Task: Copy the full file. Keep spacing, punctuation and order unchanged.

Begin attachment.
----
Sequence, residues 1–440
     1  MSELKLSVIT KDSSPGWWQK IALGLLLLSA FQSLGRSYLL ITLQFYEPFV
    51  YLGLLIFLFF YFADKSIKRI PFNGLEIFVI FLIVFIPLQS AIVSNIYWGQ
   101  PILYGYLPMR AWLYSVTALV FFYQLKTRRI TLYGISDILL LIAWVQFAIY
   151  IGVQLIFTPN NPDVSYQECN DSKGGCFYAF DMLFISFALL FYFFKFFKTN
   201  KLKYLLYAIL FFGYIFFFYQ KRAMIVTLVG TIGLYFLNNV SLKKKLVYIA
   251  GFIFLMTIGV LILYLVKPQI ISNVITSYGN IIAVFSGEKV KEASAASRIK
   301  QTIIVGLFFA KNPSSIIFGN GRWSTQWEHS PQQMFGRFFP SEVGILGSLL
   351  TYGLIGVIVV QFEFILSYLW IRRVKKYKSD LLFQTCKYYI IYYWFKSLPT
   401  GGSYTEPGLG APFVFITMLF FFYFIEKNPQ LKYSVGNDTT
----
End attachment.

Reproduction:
Sequence, residues 1–440
     1  MSELKLSVIT KDSSPGWWQK IALGLLLLSA FQSLGRSYLL ITLQFYEPFV
    51  YLGLLIFLFF YFADKSIKRI PFNGLEIFVI FLIVFIPLQS AIVSNIYWGQ
   101  PILYGYLPMR AWLYSVTALV FFYQLKTRRI TLYGISDILL LIAWVQFAIY
   151  IGVQLIFTPN NPDVSYQECN DSKGGCFYAF DMLFISFALL FYFFKFFKTN
   201  KLKYLLYAIL FFGYIFFFYQ KRAMIVTLVG TIGLYFLNNV SLKKKLVYIA
   251  GFIFLMTIGV LILYLVKPQI ISNVITSYGN IIAVFSGEKV KEASAASRIK
   301  QTIIVGLFFA KNPSSIIFGN GRWSTQWEHS PQQMFGRFFP SEVGILGSLL
   351  TYGLIGVIVV QFEFILSYLW IRRVKKYKSD LLFQTCKYYI IYYWFKSLPT
   401  GGSYTEPGLG APFVFITMLF FFYFIEKNPQ LKYSVGNDTT